Re: Samplicity IRs vs. Altiverb

    Peter, I have pm'ed you about the download link etc.

    Jeff, I don't mind that these IRs are from hardware units instead of from real spaces. My goal when making music is not to make it sound realistic, but to make it sound good - and hopefully to other people than myself also!

    ***

    EDIT: Ah, I just noticed that I write about emulation real rooms in the first post in this thread => I got things mixed up in terms of what the Samplicity IRs can and cannot do. Thanks for pointing this out, Jeff. Still, what I'm after is reverb with a sound that I like, not reverb that necessarily sounds real.

  7. #7

    Re: Samplicity IRs vs. Altiverb

    I don't want to (and can't) answer for the original poster, but as an interesting side-step:

    I have been contacted by the San Francisco Orchestra with some IR questions. They are using hardware reverb units for their classical (!!!) recordings and are now looking into using IRs, again from hardware devices, not from real halls.

    There is really so much confusion about "real hall IRs" versus Lexicons, TCE's, Sony's etc.

    If you have the money, buy a TCE, Lex or Sony, don't use "real space" IRs. This is what most pro studios do. These devices are psycho-acoustically optimized and apparently preferred by the pros over "real" space IRs.

    My 2 cts, sorry for the side-step,

  8. #8

    Re: Samplicity IRs vs. Altiverb

    Quote Originally Posted by PeterRoos
    I don't want to (and can't) answer for the original poster, but as an interesting side-step:

    I have been contacted by the San Francisco Orchestra with some IR questions. They are using hardware reverb units for their classical (!!!) recordings and are now looking into using IRs, again from hardware devices, not from real halls.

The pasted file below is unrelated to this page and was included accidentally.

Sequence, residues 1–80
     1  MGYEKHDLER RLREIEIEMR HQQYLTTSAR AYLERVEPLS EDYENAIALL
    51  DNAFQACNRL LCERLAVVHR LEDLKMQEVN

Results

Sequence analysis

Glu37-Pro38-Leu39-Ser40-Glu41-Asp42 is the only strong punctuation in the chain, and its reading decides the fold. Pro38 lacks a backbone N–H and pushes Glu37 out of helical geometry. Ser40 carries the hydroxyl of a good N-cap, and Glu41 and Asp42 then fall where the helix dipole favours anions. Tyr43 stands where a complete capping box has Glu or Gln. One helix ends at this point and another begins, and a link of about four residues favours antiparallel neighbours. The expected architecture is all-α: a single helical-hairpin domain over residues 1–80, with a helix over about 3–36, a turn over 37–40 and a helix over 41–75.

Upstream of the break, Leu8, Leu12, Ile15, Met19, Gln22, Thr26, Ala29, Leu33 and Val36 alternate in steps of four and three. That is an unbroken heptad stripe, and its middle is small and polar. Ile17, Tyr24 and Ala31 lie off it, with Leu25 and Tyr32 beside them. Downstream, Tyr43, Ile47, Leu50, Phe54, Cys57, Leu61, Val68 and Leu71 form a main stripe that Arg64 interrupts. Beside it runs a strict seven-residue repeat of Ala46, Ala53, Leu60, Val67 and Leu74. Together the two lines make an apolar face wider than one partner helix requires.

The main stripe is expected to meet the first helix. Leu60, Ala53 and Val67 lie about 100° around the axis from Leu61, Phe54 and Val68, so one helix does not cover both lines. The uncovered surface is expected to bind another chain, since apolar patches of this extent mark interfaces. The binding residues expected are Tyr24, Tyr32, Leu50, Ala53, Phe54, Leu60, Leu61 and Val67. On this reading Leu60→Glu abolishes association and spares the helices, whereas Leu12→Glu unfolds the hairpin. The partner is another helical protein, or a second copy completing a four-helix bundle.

There is really so much confusion about "real hall IRs" versus Lexicons, TCE's, Sony's etc.

    If you have the money, buy a TCE, Lex or Sony, don't use "real space" IRs. This is what most pro studios do. These devices are psycho-acoustically optimized and apparently preferred by the pros over "real" space IRs.

    My 2 cts, sorry for the side-step,
    Well, I think many of these IR's are created from these units (and you get lots of units an presets). I picked up Studio Cat's IRs (which contain IR's of many top units) for far less than any one unit. Plus you have the advantage of not having to run the signal outside the computer. I think it is a very good option.

    jeffn1
    For original progressive electronic rock influenced by J.S. Bach and (old) Rush, check out: www.soundclick.com/jeffreynaness.

  9. #9

    Re: Samplicity IRs vs. Altiverb

    I'm a bit confused, is Samplicity the same as Best Sevice 'Halls of Fame'? This is also a collection of 32-bit L96 and TC600 IR's.

    Peter.

  10. #10

    Re: Samplicity IRs vs. Altiverb

    No, it's not.

    I regret that I have to explain this again and again. I tried to post about it in the NS Reverb section, but that section can't be viewed... (page errors).

    The German developer of the "Halls of Fame" contacted me and we talked several times long about how to create good IRs.

    We swapped some materials and by accident he just "lent" my nicknames "L96" and "T600" for his own collection, which he was asked to make for BestService.de.

    We're cool now and he will change these names in a next batch of his product.

    Cheers,

    Peter